And with regards to the law and the Constitution, something more insipid has occurred. With every interpretation or mis-interpretation of what the Constitution “allows” our elected representative to create as laws of the land, the system maddeningly and chillingly adds layer-upon-layer of complexity upon our original Constitutional rights. The federal government now has rule after rule, dictate after dictate, mandate after mandate, regulation after regulation — you get the picture, that weighs upon the ability of the average American enjoy their life and liberty, or to ultimately pursue happiness.
But what does the legal system have to do with citizens anyway? In the end, the citizenry are supposed to toe the line and obey the dictates of the government, bolstered by the laws that our “representatives” have put in place. Right? First and foremost, we are supposed to be a nation of laws and not men — at least as posited by John Adams. But in a seminal sense, we are a nation of Constitutional liberties and freedoms, which cannot be superseded and subordinated by well-intentioned laws. But indeed this subordination has consistently happened over time. Sometimes for very good reasons, like truncating the freedom of speech to exclude crying “Fire” in a crowded theater, but most of the time it has been done for sinful and self-serving reasons by corrupt and contemptible legislators. Or even worse, determined as the intent of the Constitution using beneficial penumbras and the favorable interpretations of words and clauses by Supreme Court justices who were more ideological politically than they were loyal to the original intent of the document.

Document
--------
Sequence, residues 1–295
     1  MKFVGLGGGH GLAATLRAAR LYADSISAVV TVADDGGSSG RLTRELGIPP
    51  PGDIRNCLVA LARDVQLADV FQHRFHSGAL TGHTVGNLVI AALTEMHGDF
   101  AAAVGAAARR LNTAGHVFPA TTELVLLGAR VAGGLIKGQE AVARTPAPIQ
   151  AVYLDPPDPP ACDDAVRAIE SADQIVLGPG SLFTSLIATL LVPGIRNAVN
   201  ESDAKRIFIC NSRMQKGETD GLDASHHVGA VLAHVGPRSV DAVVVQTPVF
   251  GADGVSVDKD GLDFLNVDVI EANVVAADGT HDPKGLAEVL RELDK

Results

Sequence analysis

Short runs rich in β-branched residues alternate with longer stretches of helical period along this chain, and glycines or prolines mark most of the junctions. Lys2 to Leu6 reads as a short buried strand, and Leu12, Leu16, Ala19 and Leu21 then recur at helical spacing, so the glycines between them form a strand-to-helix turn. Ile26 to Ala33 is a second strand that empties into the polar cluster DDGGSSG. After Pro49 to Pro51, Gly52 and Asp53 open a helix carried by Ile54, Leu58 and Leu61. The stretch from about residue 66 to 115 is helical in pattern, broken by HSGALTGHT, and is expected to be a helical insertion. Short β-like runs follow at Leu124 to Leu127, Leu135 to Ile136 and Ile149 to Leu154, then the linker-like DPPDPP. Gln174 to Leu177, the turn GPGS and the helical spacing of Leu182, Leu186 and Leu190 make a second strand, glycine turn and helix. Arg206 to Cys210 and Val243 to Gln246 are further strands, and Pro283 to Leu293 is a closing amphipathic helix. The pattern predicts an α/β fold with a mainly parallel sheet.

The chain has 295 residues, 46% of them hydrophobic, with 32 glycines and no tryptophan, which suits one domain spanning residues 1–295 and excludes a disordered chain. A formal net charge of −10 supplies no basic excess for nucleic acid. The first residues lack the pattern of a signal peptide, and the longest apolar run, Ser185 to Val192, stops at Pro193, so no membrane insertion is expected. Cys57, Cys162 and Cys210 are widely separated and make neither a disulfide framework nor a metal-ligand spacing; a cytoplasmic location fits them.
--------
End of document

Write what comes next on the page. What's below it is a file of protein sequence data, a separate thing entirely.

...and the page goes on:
Making matters worse its that the Constitution was intended to be a user friendly document…as was supposed to be the nation it provides the operating framework for. The Framers never intended this to be a nation of law givers and law receivers — the rulers and the governed. No, the Constitution used simple, non-legalistic prose to convey its intent and its message to citizens and representatives alike. But again, with the passage of time American citizens have allowed a corruption of both the original intent and the process of governance to occur.